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Does Warming Mothers During Cesarean Delivery Help Keep Babies Warm When Delivered?

This study has been completed.
Information provided by (Responsible Party):
University of British Columbia Identifier:
First received: February 5, 2008
Last updated: March 14, 2014
Last verified: March 2014
The purpose of this study to investigate whether using a special warming blanket during Cesarean delivery helps maintain a normal body temperature in the baby when compared to mothers that are not warmed (standard care at BC Women's Hospital). Doctors observed that some babies have low body temperatures when they are born by Cesarean delivery. Since baby temperatures are dependant on the temperatures of their mothers, we believe that keeping the mother warm during surgery with the use of a special warming blanket that is filled with warm air will result in the baby being warmer at birth.

Condition Intervention
Cesarean Delivery
Procedure: Active warming with Bair Hugger blanket

Study Type: Interventional
Study Design: Allocation: Randomized
Intervention Model: Parallel Assignment
Masking: Open Label
Primary Purpose: Prevention
Official Title: The Effect of Maternal Warming During Cesarean Delivery on Neonatal Temperature

Resource links provided by NLM:

Further study details as provided by University of British Columbia:

Primary Outcome Measures:
  • Neonatal axillary temperature at delivery [ Time Frame: During delivery ]

Enrollment: 70
Study Start Date: February 2008
Study Completion Date: July 2008
Primary Completion Date: July 2008 (Final data collection date for primary outcome measure)
Arms Assigned Interventions
Active warming with Bair Hugger blanket
Procedure: Active warming with Bair Hugger blanket
Standard care at BC Women's Hospital plus a Bair Hugger full access underbody blanket model 635 (Health Canada Licence # 12692) warmed by Bair Hugger temperature management unit model 750. Patient will lie on the underbody blanket and it will be turned on once patient is supine on operating table following the insertion of anesthetic. The warming device will be set to the medium temperature setting (380C). Warming will continue until the end of surgery unless otherwise requested by the mother.

  Show Detailed Description


Ages Eligible for Study:   19 Years and older   (Adult, Senior)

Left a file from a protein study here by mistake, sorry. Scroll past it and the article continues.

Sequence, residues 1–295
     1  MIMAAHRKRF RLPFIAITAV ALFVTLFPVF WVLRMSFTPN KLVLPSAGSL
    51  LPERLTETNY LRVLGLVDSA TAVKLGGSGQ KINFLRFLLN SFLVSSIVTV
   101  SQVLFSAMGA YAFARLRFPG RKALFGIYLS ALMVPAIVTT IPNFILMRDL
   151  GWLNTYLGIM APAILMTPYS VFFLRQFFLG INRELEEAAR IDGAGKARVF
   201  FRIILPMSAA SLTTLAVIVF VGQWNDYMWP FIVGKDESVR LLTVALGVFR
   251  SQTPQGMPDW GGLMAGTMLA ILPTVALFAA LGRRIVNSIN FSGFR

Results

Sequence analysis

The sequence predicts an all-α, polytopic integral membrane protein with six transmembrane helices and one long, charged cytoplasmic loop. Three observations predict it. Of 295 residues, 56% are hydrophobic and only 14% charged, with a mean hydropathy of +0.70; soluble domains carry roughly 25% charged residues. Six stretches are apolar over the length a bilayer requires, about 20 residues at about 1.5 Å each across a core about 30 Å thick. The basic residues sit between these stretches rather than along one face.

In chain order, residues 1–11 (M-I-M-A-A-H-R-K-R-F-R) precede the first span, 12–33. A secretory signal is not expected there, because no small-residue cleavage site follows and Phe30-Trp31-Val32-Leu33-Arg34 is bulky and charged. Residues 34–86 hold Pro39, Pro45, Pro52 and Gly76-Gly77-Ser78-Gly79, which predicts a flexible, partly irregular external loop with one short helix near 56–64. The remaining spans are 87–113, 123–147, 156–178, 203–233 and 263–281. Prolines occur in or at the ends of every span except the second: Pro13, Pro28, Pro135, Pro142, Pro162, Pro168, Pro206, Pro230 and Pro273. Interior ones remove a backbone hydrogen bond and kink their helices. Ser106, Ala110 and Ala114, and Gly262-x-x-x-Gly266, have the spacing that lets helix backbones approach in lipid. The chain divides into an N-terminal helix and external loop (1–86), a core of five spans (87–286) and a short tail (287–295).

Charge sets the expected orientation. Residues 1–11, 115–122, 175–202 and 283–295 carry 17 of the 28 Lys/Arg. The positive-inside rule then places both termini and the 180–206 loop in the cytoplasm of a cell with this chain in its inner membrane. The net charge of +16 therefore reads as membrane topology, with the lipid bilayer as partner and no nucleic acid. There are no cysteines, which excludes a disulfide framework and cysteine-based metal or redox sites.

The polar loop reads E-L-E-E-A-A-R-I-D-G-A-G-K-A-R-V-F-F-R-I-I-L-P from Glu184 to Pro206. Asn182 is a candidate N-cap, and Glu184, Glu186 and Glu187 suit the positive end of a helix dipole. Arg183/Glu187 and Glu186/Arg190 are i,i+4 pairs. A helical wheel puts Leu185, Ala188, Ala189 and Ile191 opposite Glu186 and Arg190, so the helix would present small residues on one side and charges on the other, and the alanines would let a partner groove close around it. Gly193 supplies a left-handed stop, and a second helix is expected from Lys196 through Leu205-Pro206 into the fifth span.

Sexes Eligible for Study:   Female
Accepts Healthy Volunteers:   Yes

Inclusion Criteria:

  • All women undergoing elective cesarean delivery under spinal anesthesia or combined spinal epidural anesthesia
  • Greater than 28 weeks gestation
  • ASA 1 & 2 classification of health
  • Mothers presenting to the assessment or labour and delivery unit with ruptured membranes or early signs of labour, but not in active labour, who are not planned for a vaginal birth and who need an urgent cesarean delivery
  • Potential subjects need to be able to read and understand English unless independent (non-partner) translator available

Exclusion Criteria:

  • Mothers in active labour - 3cm or more dilated with regular coordinated contractions
  • ASA 3 or above
  • Emergency cesarean delivery for fetal heart rate abnormalities
  • Cesarean delivery under general anesthesia
  • Maternal age <19 years
  • Maternal infection
  • Mothers with a CSE where > 5ml of epidural local anesthetic is given prior to the delivery of the fetus
  • Mothers with vascular disease - with the exception of hypertension/pre-eclampsia
  • Mothers with Type I Diabetes Mellitus
  • Untreated hypothyroidism or hyperthyroidism
  • Mothers with a history or family history of malignant hyperthermia
  • Those who cannot understand English, and lack of consent
  Contacts and Locations
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Please refer to this study by its identifier: NCT00616174

Canada, British Columbia
BC Women's Hospital
Vancouver, British Columbia, Canada
Sponsors and Collaborators
University of British Columbia
Principal Investigator: Preston Roanne, MD University of British Columbia
Study Director: Joanne Douglas, MD, FRCPC University of British Columbia
Study Director: Jason Reidy, MBBS, FRCA University of British Columbia
Study Director: Simon Massey, MB BCh, MRCP, FRCA University of British Columbia
Study Director: Rebecca Sherlock, MD, FRCPC, FAAP, PhD University of British Columbia
Study Director: Jessica Tyler, BSc University of British Columbia
  More Information

Responsible Party: University of British Columbia Identifier: NCT00616174     History of Changes
Other Study ID Numbers: H07-01490
Study First Received: February 5, 2008
Last Updated: March 14, 2014

Keywords provided by University of British Columbia:
Cesarean delivery
Active Warming
Neonatal Temperature processed this record on April 25, 2017